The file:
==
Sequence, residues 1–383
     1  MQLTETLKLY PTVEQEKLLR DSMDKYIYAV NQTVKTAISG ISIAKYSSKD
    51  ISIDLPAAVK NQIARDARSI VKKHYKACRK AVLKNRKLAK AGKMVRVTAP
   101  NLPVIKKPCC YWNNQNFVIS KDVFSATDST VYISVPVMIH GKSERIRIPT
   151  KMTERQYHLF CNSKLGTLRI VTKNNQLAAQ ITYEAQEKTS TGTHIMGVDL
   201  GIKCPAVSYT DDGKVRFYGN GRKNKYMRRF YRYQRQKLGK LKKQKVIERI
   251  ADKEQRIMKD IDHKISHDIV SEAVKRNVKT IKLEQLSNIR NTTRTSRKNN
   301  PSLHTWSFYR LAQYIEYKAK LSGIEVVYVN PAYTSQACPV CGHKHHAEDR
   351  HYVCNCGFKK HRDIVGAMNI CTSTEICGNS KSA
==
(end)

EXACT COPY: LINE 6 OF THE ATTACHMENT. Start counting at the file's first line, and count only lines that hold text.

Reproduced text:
   201  GIKCPAVSYT DDGKVRFYGN GRKNKYMRRF YRYQRQKLGK LKKQKVIERI